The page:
Concluding recommendation to United Nations entities and member states

To ensure that progress is achieved soon at grassroots levels, with direct positive impact on older women’s lives, OWN Europe members strongly recommend that UN entities and member states pay much needed attention to compounded and intersectional ageism and sexism when setting the foundation of their renewed social contract, anchored in human rights, as defined in their Common Agenda

To conclude: OWN Europe members would like to remind UN member states that a UN Convention on the rights of older persons has been under discussion for more than ten years now. Such an instrument  is needed more than ever to promote older women’s rights, foster their resilience and ensure their contributions to society are recognised and duly valued.

Drafted on behalf of OWN Europe members by Elizabeth Sclater, Isabella Paoletti, Bridget Penhale and Anne-Sophie Parent

Image source: Dreamstime royalty free stock 18869128

22/10/01: OWN Europe analysis of Rome 2022 MIPPA Ministerial declaration and joint civil society and scientific research declaration (PDF)


Once every five years the UNECE and its member states undertake a review of the Regional Implementation Strategy (RIS) of the Madrid International Plan on Active Ageing (MIPAA) adopted in 2002. The 5th UNECE Ministerial Conference on Ageing held in Rome in June 2022 completed the 4th review of the implementation of the RIS for Europe since 2002, and marked the 20th anniversary of the MIPAA/RIS for Europe. Every five years, the MIPAA review also provides an opportunity for civil society and researchers to take stock of their own analysis of progress achieved since the previous review and to address recommendations to United Nations and national policy makers on areas where more efforts are needed.

To get an overview of the outcomes of this 4th MIPAA/RIS review and the recommendations endorsed by member states and civil society/researchers for the next five years, OWN Europe has analyzed the MIPAA2022 Ministerial declaration  and  Joint civil society and scientific research declaration.

What we learnt from the MIPAA 2022 Rome events and declarations

The Ministerial Conference 2022 was entitled “A Sustainable World for All Ages: Joining Forces for Solidarity and Equal Opportunities Throughout Life”. When comparing the agendas of the Ministerial Conference and Joint Forum with the contents of their respective declarations, it seems that the events and the declarations are distinct processes, with the final declarations focusing on a broader policy agenda and both being agreed in advance of the MIPAA events.

On the UNECE Population Ageing website one can only find the MIPAA Ministerial Declarations. To help grassroots older citizens understand how civil society is involved in the MIPÄA review process, a short paragraph would be welcome at the top of the civil society declaration to explain how NGOs and researchers are consulted during the joint Forum declaration drafting process and how the declaration is then used to bring the voice of civil society to policy makers.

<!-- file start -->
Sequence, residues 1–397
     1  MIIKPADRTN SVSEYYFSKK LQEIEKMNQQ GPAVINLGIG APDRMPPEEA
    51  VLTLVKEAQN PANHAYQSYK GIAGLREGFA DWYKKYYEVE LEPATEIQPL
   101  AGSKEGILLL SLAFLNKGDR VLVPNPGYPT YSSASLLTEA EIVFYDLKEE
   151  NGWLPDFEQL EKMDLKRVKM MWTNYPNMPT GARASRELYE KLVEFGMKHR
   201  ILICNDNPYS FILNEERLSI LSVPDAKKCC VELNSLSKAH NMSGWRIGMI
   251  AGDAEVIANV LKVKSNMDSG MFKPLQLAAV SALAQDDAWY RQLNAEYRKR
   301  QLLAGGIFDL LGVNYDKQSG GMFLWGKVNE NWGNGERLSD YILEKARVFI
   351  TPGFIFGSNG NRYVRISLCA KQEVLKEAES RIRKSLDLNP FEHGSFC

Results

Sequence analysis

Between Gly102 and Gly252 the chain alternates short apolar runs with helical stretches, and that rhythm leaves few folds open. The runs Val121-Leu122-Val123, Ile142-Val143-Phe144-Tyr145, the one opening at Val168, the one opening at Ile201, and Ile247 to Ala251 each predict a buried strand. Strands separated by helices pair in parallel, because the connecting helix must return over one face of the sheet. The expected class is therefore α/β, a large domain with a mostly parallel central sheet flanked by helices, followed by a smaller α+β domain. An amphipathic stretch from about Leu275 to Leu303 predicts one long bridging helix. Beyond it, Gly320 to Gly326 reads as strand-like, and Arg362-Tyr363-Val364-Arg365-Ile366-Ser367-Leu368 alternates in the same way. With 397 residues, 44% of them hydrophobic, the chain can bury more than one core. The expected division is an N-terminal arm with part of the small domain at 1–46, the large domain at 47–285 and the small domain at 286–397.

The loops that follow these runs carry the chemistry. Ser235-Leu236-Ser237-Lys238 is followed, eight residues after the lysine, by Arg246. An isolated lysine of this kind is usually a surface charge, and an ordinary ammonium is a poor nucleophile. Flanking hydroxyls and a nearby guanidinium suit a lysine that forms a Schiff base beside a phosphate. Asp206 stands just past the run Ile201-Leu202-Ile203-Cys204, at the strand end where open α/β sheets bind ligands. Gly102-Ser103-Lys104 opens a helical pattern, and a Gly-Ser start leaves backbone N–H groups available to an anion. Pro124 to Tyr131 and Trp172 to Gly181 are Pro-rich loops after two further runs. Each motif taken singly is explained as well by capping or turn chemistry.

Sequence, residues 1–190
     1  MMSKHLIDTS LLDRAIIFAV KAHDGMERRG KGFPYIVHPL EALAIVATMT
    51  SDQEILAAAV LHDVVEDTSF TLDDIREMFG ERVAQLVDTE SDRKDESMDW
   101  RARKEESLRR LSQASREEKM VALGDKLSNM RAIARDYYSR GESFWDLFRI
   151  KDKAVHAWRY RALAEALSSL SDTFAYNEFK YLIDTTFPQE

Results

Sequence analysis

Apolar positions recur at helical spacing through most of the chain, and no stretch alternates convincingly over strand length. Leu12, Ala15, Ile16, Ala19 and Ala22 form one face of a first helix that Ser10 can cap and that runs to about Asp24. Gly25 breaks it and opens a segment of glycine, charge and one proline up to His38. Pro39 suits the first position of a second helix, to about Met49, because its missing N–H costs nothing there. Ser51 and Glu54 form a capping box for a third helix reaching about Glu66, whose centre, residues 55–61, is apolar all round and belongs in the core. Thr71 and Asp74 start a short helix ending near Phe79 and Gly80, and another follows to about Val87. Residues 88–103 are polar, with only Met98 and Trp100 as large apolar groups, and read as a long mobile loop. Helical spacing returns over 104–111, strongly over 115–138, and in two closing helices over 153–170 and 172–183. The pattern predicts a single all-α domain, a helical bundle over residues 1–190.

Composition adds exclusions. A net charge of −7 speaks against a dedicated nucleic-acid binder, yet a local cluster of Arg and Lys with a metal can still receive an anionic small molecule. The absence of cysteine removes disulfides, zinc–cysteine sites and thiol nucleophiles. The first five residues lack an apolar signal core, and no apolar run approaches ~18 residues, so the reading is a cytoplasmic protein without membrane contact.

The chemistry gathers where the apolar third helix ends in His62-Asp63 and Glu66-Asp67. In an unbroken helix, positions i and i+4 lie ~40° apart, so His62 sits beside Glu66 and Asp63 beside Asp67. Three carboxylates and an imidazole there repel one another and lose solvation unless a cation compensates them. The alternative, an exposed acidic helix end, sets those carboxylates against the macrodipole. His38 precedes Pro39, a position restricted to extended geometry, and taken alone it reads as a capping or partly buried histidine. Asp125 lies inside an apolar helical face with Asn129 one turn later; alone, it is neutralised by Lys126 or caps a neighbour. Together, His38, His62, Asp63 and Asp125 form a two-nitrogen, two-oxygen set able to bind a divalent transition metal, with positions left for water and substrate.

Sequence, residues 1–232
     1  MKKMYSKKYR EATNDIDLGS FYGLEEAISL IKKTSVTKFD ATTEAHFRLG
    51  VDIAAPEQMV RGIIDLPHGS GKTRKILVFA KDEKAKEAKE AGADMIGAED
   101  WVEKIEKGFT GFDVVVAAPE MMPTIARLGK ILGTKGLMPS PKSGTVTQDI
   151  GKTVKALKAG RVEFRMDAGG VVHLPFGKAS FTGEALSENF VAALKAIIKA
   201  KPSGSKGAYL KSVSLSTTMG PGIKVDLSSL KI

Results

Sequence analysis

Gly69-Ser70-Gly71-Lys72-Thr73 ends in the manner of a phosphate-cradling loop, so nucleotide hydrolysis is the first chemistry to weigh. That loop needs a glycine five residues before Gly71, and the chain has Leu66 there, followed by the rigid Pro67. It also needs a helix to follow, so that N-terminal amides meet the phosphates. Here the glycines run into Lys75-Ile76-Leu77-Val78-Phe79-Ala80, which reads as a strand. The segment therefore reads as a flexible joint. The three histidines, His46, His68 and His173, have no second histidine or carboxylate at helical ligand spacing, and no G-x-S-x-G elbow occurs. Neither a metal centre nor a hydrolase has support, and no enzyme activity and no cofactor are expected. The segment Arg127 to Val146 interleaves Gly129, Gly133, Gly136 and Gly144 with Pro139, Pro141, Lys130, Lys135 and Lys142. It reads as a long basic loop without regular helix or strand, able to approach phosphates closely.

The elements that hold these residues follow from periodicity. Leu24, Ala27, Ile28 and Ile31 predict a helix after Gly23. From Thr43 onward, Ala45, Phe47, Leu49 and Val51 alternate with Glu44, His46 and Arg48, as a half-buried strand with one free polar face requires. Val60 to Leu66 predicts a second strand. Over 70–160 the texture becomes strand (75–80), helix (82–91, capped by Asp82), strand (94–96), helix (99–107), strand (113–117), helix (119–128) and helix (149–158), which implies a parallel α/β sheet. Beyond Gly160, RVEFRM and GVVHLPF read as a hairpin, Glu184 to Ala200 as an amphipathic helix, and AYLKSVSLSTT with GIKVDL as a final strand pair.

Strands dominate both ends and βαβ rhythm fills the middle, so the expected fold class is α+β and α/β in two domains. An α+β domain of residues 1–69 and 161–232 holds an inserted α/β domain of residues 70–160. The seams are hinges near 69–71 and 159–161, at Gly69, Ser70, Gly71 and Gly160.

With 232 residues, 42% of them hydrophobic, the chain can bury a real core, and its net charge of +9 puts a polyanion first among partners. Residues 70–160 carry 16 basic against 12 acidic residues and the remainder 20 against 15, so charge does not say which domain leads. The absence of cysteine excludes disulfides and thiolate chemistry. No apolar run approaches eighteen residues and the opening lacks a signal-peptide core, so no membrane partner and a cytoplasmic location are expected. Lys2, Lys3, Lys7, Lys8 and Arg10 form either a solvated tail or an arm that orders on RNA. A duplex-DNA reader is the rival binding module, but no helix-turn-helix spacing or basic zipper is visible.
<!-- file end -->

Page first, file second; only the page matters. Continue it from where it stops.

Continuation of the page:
The relevance of the MIPAA 2022 Ministerial Declaration for older women

Overall, the Ministerial Declaration covers the main issues of concern for all older persons, but political commitments are made to tackle gender inequality in old age in only a few specific policy areas. Although policy makers consider that progress has been achieved with regard to the implementation of the MIPAA/RIS in the past 5 years, the reality at grassroots level may look quite different in particular for some groups of older women and the oldest group.

National policy makers’ commitments tend to focus on boosting the potential of older persons to work longer, live autonomously for longer and contribute to their communities as workers, volunteers and consumers. The specific references to gender equality are limited to a few general remarks on the need to address gender inequality in access to employment, pension and old age income. Although policy makers commit to mainstreaming gender in all their ageing related policy work, it is not clear what they concretely propose to tackle the increasing difficulties and inequalities faced by older women, especially the oldest old in today’s context of rapidly accelerating climate change, rapid digital transformation, health crises and pandemics, and more recently armed conflicts and resulting energy and food crises.

We understand that the Ministerial Declaration is a highly aspirational list of political commitments developed through a lengthy drafting process that establishes common goals which have to be agreed by all UNECE countries. For that reason, although we are disappointed that older women, especially the oldest old who constitute the vast majority of the 80+ (the fastest growing population group), are not given more specific attention in the final declaration, we are pleased to see several references to older persons’ human rights and the attention paid to elder abuse. We warmly welcome the renewed commitment of policy makers to take action to combat this egregious and widely spread violation of older persons’ human rights endured by too many older women and still widely tolerated by society.